Question about 1993 Volkswagen Fox

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Charging system not working,we have replaced the alternator,the starter the fan sensor,the heat sensor replaced the battery several times car will not stay charged been told it was the electric module that controls all electrical parts

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  • jamiecoulter Jul 09, 2010

    we have had to replace alternator several times and the car even dies when we drive down the road .we cant get the engine fan to turn on but if we jump it the fan runs thats why we replaced everything but the car will not stay running. it will work for a day then the same problem.what else can the problem be?

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No such thing. If you have a new battery, and the alternator's testing fine then there's obviously something draining the battery.
You'll need a multimeter for this. First off, once started, test the battery voltage at idle. Then increase RPM to about 2000. The idle reading could be as low as 10 Volt(since you just put a massive drain on the battery but should pick up with RPM to aboout 13 Volt at least. It could even go up to 14 Volt.
If that is fine, shut down. Disconnect the neg pole on the battery. Switch your multimetre to Amps(You may have to move one of the meter wires to a current measuring connection on the meter.) Connect the leads between the neg of the battery and the cable that came off it. A reading any larger than 0.5 amps (500mA) could mean trouble. First thing I always check for is trunk and glove compartment lights. They may not be turning off with the lid closed. Next is aftermarket amplifiers. If incorrectly installed it does not shut down and drains the battery in no time at all.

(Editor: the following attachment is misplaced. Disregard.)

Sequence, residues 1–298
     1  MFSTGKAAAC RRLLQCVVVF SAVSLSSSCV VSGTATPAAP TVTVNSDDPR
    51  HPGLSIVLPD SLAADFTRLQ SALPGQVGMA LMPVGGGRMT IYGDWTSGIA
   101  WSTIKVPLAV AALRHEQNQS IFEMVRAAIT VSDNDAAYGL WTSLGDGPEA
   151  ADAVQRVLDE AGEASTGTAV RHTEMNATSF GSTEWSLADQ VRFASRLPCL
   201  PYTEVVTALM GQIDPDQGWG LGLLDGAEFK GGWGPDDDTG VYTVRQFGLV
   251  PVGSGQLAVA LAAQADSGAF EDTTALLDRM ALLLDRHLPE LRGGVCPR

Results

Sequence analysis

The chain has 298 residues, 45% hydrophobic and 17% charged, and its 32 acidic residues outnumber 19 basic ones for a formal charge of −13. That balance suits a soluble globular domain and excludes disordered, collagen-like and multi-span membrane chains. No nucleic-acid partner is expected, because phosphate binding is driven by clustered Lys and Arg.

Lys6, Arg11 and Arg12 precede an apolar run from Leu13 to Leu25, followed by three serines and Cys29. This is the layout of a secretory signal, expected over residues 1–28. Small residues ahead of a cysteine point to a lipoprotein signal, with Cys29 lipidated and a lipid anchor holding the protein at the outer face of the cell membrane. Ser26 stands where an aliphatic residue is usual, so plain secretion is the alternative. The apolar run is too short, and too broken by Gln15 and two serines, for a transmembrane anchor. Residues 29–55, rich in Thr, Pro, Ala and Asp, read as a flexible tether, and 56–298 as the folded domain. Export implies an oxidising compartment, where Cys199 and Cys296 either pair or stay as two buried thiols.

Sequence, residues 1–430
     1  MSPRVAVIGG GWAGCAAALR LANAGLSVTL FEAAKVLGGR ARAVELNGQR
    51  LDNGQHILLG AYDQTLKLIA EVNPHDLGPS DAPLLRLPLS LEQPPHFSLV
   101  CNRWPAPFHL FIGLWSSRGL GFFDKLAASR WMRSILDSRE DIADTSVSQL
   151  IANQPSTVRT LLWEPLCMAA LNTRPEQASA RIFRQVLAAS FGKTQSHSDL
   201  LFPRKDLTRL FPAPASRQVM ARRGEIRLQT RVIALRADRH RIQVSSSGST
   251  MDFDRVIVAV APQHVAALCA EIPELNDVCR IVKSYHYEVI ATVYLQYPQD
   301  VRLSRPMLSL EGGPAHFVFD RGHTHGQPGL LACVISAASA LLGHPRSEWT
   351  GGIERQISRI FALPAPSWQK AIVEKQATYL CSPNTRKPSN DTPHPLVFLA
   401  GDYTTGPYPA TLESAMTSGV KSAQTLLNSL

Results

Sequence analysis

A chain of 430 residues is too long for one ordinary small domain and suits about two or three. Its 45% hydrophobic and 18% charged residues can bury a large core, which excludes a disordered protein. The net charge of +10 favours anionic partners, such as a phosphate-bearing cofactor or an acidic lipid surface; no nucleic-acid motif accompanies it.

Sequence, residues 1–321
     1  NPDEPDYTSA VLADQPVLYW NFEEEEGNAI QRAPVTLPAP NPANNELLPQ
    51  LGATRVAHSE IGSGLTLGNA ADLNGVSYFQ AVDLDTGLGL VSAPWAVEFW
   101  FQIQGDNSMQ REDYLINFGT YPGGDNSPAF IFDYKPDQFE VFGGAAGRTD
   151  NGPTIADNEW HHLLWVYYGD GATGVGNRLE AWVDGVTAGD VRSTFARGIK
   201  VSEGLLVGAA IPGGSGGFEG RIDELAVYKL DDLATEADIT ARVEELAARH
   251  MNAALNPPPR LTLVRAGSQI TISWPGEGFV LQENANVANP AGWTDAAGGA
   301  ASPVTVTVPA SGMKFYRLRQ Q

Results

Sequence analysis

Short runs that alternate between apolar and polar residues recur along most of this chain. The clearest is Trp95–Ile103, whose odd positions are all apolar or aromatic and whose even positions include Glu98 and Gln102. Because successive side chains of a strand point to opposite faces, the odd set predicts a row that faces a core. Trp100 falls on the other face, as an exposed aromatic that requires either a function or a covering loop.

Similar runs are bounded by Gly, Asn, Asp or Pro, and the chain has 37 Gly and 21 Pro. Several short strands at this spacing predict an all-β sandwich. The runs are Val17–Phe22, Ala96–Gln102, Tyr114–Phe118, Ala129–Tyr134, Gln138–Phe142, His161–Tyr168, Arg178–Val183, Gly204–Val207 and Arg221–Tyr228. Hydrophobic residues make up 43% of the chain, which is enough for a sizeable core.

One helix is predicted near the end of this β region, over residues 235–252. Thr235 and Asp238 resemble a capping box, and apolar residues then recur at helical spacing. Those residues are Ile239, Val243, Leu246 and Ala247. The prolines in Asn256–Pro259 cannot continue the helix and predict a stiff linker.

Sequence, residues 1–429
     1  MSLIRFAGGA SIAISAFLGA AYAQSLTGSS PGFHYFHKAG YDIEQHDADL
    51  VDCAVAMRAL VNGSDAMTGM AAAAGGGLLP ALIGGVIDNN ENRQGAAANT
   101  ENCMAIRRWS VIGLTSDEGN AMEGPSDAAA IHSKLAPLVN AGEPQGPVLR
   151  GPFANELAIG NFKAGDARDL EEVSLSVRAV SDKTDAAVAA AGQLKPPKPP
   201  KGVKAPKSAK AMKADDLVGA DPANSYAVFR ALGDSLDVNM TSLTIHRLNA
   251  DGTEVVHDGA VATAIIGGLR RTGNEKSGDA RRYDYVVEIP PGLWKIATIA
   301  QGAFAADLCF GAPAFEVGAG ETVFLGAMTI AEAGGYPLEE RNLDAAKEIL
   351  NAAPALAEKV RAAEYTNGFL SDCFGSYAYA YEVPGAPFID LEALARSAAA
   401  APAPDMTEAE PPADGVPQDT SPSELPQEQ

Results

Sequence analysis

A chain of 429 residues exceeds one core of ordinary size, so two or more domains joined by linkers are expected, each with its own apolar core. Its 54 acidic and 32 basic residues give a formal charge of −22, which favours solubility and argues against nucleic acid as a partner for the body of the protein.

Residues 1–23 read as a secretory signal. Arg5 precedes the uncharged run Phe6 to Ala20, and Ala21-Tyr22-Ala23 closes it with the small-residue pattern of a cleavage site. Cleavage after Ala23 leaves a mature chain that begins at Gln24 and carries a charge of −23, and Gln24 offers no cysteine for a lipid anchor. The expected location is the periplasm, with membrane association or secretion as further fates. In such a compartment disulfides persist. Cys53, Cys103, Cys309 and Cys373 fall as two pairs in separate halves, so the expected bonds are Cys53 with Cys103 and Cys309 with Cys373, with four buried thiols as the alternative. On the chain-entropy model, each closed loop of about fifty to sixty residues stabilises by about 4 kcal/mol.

Posted on Jul 09, 2010

  • Rene Rossouw
    Rene Rossouw Jul 10, 2010

    There is no magic box of tricks controlling the alternator output other than its regulator which is part of the alternator. With the engine running the alternator supplies power directly to the battery (and the rest of the electrical system) controlled ONLY by the regulator. The alternator has 3 connections. a Negative(earth) which is through the alternator casing to the engine, so no wire there. A positive via a thick red cable to the battery positive. A "indicate" connection which in effect only shows that the alternator is supplying power.
    The alternator HAS to supply enough power to sustain all the electrical components on the vehicle AND charge the battery at the same time. If the car dies while driving and the battery is flat then the alternator is obviously not doing its job.
    Do you have a multimeter? Did you test the voltage at idle and at 2000 RPM as I suggested? If you dont have a multimeter, Jumpstart the car. Rev it a little to ensure that the alternator comes on. When idling, disconnect the neg of the battery.(This is not recommended, since some alternators, especially older and generic designs are not able to cope with the spike in voltage caused by disconnecting its load) If the engine dies, the alternator is duff and needs to be repaired whether you've already replaced it or not, either that or it is installed incorrectly.